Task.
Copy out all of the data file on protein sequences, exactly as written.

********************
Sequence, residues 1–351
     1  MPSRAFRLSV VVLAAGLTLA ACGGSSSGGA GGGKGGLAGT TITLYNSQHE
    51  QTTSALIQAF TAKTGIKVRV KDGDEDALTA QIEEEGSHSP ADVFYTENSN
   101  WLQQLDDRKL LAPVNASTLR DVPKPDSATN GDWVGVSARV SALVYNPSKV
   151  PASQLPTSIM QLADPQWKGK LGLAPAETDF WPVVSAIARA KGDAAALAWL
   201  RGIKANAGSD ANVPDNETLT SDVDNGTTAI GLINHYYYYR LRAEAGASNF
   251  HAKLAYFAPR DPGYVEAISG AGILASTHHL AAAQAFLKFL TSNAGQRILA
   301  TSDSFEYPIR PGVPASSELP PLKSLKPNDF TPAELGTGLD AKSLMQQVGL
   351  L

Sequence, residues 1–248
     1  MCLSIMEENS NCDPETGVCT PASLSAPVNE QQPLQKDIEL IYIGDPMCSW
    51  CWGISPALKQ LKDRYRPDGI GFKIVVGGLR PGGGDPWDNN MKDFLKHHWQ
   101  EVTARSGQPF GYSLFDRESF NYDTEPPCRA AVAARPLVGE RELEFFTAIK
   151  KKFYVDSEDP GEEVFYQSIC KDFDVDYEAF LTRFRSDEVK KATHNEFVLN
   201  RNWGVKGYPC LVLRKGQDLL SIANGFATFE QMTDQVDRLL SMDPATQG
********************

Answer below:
Sequence, residues 1–351
     1  MPSRAFRLSV VVLAAGLTLA ACGGSSSGGA GGGKGGLAGT TITLYNSQHE
    51  QTTSALIQAF TAKTGIKVRV KDGDEDALTA QIEEEGSHSP ADVFYTENSN
   101  WLQQLDDRKL LAPVNASTLR DVPKPDSATN GDWVGVSARV SALVYNPSKV
   151  PASQLPTSIM QLADPQWKGK LGLAPAETDF WPVVSAIARA KGDAAALAWL
   201  RGIKANAGSD ANVPDNETLT SDVDNGTTAI GLINHYYYYR LRAEAGASNF
   251  HAKLAYFAPR DPGYVEAISG AGILASTHHL AAAQAFLKFL TSNAGQRILA
   301  TSDSFEYPIR PGVPASSELP PLKSLKPNDF TPAELGTGLD AKSLMQQVGL
   351  L

Sequence, residues 1–248
     1  MCLSIMEENS NCDPETGVCT PASLSAPVNE QQPLQKDIEL IYIGDPMCSW
    51  CWGISPALKQ LKDRYRPDGI GFKIVVGGLR PGGGDPWDNN MKDFLKHHWQ
   101  EVTARSGQPF GYSLFDRESF NYDTEPPCRA AVAARPLVGE RELEFFTAIK
   151  KKFYVDSEDP GEEVFYQSIC KDFDVDYEAF LTRFRSDEVK KATHNEFVLN
   201  RNWGVKGYPC LVLRKGQDLL SIANGFATFE QMTDQVDRLL SMDPATQG